2. Richard Berends

    Hey Brendan, thanks for your detailed posts, always interested to read and very well written!
    Interesting to hear the struggles while trying to maintain race fitness during blocks of racing. I’m guessing everyone does it differently and there’s no golden rule for this??
    Also sounds like you run very independent from the team…is this typical of pro life…you live and train alone and then all meet up for the scheduled races?? And how does it work with travel…is this not organised through the team?
    So many questions!!
    A world that a very select few ever get to experience!
    Congrats on the success you have had thus far, look forward to seeing what you achieve in the future!

    1. bman11476@gmail.com

      Thanks Richard! Yeah I doubt there is ever a golden rule and it most likely changes from athlete to athlete… (some always seem to go better if they train more, whilst others improve by taking complete days off the bike more regularly)…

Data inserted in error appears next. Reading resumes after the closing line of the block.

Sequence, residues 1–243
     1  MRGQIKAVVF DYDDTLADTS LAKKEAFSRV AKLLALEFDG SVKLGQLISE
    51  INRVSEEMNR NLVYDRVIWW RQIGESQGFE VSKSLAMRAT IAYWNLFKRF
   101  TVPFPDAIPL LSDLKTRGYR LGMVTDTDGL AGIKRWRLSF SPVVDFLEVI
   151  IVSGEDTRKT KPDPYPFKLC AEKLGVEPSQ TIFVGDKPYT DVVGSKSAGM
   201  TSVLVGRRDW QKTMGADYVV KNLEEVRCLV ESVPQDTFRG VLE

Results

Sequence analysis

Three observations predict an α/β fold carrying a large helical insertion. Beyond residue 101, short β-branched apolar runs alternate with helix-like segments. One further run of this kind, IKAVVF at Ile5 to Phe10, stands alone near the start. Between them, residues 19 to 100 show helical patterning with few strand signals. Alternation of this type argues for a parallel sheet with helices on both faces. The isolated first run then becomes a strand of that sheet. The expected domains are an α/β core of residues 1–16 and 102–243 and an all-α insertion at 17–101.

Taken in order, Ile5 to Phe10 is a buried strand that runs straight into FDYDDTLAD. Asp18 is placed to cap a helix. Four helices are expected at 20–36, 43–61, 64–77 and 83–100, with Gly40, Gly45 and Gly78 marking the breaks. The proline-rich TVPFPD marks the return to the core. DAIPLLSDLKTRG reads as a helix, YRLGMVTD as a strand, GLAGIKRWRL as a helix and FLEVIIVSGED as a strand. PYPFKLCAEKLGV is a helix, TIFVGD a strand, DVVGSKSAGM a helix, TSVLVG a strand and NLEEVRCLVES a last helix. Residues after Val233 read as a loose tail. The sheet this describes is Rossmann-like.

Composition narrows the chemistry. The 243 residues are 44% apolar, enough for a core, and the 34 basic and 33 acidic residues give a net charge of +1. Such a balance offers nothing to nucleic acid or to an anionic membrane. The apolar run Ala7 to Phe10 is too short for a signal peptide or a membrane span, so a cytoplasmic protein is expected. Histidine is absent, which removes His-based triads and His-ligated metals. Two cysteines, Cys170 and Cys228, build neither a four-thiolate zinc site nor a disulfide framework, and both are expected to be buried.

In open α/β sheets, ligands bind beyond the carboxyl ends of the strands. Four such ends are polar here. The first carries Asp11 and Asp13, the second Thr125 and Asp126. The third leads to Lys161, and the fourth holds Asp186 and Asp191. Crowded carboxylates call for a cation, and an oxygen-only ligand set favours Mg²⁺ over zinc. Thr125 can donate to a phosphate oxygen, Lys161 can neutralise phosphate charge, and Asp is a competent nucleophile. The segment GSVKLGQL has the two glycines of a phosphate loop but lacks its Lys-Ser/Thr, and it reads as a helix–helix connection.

I guess the point of my story was that I didn’t worry about doing any high intensity efforts, and it seemed to work well for me. The argument could be made that I could have potentially been better had I done more HIIT vo2 efforts, but I honestly don’t think I was in a state to be doing such training.
      I’ll try to address some of your other points in my next post regarding travelling and some team logistics.
      I hope Ethan is having a good year so far.

  3. Hi Brendan,
    Really appreciate your insightful and honest perspective on the challenges of developing and learning as a pro rider on an extended overseas campaign in Europe and Asia. It must be a massive learning curve.
    I look forward to your next article about adapting to living out of a suitcase as a pro rider on tour, the team environment, as well as your continued upward development and results.

    1. bman11476@gmail.com

      Thanks Ray, it definitely is a big learning curve …but it’s one that I am really enjoying. I’ve had a few similar comments regarding travelling and lifestyle, so I’ll get around to posting about this by the end of the week!

  4. I don’t know how I missed this blog of yours, Brendan. Now I’ve found it, I will keep looking. I love reading these stories of the cyclists lives and what you do to continue your journey in the peloton. Good work. Good luck Brendan.

    1. bman11476@gmail.com

      Thanks Wendy, I appreciate you coming along and having a read! I know you’re a big fan of cycling and are always supporting us on the road 🙂
      Cheers, Brendan